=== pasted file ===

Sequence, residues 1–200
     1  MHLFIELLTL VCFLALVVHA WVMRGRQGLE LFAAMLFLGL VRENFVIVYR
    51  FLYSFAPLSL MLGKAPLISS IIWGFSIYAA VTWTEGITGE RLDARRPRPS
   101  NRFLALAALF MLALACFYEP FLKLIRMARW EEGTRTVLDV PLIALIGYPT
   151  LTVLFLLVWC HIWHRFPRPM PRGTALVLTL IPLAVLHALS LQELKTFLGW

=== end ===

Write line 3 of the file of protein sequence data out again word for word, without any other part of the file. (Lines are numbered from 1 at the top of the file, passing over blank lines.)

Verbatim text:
    51  FLYSFAPLSL MLGKAPLISS IIWGFSIYAA VTWTEGITGE RLDARRPRPS